Nigra AE, et al. Poultry Consumption and Arsenic Exposure in the U.S. Population. Environ Health Perspect. 2017;125(3):370-377. PubMed PMID: 27735790.
* Article titles in AMA citation format should be in sentence-case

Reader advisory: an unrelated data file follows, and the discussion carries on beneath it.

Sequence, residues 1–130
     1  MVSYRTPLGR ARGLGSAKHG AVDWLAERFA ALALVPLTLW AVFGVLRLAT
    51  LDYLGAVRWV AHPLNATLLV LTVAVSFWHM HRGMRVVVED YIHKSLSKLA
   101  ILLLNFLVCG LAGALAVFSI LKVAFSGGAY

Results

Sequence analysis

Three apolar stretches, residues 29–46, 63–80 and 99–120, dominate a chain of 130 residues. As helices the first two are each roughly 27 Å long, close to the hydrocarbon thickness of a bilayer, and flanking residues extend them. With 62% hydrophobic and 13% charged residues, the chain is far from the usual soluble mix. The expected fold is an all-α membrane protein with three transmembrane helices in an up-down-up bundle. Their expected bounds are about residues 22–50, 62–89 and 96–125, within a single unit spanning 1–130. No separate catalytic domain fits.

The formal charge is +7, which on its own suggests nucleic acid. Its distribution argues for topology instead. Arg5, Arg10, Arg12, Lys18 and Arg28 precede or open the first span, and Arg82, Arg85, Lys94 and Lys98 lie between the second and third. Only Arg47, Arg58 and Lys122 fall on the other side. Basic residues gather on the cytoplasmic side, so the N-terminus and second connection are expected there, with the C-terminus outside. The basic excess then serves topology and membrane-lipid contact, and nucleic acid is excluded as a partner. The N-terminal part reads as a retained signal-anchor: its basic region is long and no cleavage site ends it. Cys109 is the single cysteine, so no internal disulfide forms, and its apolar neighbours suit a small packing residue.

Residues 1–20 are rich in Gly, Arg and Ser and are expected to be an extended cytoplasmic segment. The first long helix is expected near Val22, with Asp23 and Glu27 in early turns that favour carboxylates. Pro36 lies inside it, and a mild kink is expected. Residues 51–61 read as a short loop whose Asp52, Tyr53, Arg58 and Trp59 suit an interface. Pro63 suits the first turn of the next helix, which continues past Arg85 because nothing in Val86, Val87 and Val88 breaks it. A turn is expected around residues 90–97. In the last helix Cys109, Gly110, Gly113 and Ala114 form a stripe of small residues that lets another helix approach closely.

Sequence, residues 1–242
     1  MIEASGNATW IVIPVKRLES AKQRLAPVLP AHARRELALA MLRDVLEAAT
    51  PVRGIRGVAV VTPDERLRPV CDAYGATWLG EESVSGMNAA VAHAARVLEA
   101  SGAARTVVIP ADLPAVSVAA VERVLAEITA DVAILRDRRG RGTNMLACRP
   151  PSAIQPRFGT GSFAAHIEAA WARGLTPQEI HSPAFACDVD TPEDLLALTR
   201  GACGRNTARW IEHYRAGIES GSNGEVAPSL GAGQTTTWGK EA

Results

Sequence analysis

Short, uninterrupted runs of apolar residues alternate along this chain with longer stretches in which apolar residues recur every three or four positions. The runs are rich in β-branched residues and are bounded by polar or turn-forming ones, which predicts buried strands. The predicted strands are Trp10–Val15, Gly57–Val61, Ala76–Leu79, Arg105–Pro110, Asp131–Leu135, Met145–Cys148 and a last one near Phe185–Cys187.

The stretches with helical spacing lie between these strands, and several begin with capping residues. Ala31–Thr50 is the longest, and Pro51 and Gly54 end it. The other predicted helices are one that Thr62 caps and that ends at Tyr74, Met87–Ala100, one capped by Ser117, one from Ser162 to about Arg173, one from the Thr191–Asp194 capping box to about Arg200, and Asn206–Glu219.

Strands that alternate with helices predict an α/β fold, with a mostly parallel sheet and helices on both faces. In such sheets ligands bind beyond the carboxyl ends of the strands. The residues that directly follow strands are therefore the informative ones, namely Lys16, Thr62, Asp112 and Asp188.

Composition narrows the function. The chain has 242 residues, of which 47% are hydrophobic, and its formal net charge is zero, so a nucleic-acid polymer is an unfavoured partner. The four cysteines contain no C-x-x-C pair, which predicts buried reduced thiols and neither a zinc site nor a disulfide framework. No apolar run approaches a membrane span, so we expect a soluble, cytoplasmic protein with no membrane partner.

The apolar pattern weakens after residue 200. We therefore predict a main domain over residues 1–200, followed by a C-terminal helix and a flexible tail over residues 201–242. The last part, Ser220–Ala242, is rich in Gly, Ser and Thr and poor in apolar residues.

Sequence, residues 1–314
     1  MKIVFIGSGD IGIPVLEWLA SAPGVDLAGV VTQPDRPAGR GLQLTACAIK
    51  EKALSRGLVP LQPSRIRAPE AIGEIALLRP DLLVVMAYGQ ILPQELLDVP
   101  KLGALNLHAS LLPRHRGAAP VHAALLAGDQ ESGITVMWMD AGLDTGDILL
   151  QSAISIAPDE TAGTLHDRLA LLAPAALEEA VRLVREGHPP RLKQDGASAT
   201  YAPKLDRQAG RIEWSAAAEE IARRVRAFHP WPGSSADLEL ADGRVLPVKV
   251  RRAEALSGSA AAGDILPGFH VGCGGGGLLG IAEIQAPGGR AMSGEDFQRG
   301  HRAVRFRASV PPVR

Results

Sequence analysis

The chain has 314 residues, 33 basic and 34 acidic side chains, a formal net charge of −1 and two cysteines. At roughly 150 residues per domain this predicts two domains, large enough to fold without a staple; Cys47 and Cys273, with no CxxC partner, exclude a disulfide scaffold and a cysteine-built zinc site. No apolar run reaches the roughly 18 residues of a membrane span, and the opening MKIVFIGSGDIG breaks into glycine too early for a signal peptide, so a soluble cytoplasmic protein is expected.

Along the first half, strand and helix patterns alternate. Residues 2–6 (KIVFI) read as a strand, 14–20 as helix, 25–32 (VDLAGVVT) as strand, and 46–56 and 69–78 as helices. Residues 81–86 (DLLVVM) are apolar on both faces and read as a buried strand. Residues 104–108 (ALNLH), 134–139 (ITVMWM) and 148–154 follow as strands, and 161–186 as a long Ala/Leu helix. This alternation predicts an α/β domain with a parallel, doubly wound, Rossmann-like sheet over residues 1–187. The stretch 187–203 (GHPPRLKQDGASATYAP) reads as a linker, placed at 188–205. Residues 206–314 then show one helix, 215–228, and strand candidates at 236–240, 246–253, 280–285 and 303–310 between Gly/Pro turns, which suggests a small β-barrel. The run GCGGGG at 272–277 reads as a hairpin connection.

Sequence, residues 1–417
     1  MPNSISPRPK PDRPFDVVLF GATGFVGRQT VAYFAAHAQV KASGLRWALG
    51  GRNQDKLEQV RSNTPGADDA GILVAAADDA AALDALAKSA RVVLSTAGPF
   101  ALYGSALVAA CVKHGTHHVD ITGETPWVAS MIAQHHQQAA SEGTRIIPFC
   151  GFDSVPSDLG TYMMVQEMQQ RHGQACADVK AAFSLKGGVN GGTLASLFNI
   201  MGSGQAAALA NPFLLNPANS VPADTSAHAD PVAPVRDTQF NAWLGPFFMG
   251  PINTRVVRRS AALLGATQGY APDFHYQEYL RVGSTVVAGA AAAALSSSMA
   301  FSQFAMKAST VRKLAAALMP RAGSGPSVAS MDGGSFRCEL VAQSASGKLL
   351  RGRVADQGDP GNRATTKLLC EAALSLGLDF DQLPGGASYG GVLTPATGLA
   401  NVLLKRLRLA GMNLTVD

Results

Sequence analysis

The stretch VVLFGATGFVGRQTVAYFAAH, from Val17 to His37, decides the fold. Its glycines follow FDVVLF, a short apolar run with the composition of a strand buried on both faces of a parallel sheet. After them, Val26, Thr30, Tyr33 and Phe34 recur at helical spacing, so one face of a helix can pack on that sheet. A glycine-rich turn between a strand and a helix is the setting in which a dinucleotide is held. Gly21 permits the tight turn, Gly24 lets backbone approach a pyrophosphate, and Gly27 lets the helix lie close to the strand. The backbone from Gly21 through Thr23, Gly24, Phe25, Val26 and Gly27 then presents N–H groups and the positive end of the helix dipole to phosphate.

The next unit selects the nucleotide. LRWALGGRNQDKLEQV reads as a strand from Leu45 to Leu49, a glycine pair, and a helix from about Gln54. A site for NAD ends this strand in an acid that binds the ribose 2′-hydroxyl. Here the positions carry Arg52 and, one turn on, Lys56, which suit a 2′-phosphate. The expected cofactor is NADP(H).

TY - JOUR T1 - Poultry Consumption and Arsenic Exposure in the U.S. Population. AU - Nigra,Anne E, AU - Nachman,Keeve E, AU - Love,David C, AU - Grau-Perez,Maria, AU - Navas-Acien,Ana, Y1 - 2016/10/13/ PY - 2016/04/12/received PY - 2016/08/24/revised PY - 2016/09/19/accepted PY - 2016/10/14/pubmed PY - 2017/9/25/medline PY - 2016/10/14/entrez SP - 370 EP - 377 JF - Environmental health perspectives JO - Environ Health Perspect VL - 125 IS - 3 N2 - BACKGROUND: Arsenicals (roxarsone and nitarsone) used in poultry production likely increase inorganic arsenic (iAs), monomethylarsonic acid (MMA), dimethylarsinic acid (DMA), and roxarsone or nitarsone concentrations in poultry meat. However, the association between poultry intake and exposure to these arsenic species, as reflected in elevated urinary arsenic concentrations, is unknown. OBJECTIVES: Our aim was to evaluate the association between 24-hr dietary recall of poultry consumption and arsenic exposure in the U.S. population. We hypothesized first, that poultry intake would be associated with higher urine arsenic concentrations and second, that the association between turkey intake and increased urine arsenic concentrations would be modified by season, reflecting seasonal use of nitarsone. METHODS: We evaluated 3,329 participants ≥ 6 years old from the 2003-2010 National Health and Nutrition Examination Survey (NHANES) with urine arsenic available and undetectable urine arsenobetaine levels. Geometric mean ratios (GMR) of urine total arsenic and DMA were compared across increasing levels of poultry intake. RESULTS: After adjustment, participants in the highest quartile of poultry consumption had urine total arsenic 1.12 (95% CI: 1.04, 1.22) and DMA 1.13 (95% CI: 1.06, 1.20) times higher than nonconsumers. During the fall/winter, participants in the highest quartile of turkey intake had urine total arsenic and DMA 1.17 (95% CI: 0.99, 1.39; p-trend = 0.02) and 1.13 (95% CI: 0.99, 1.30; p-trend = 0.03) times higher, respectively, than nonconsumers. Consumption of turkey during the past 24 hr was not associated with total arsenic or DMA during the spring/summer. CONCLUSIONS: Poultry intake was associated with increased urine total arsenic and DMA in NHANES 2003-2010, reflecting arsenic exposure. Seasonally stratified analyses by poultry type provide strong suggestive evidence that the historical use of arsenic-based poultry drugs contributed to arsenic exposure in the U.S. CITATION: Nigra AE, Nachman KE, Love DC, Grau-Perez M, Navas-Acien A. 2017. Poultry consumption and arsenic exposure in the U.S. Environ Health Perspect 125:370-377; http://dx.doi.org/10.1289/EHP351. SN - 1552-9924 UR - https://www.unboundmedicine.com/medline/citation/27735790/full_citation L2 - https://ehp.niehs.nih.gov/doi/10.1289/EHP351?url_ver=Z39.88-2003&rfr_id=ori:rid:crossref.org&rfr_dat=cr_pub=pubmed DB - PRIME DP - Unbound Medicine ER -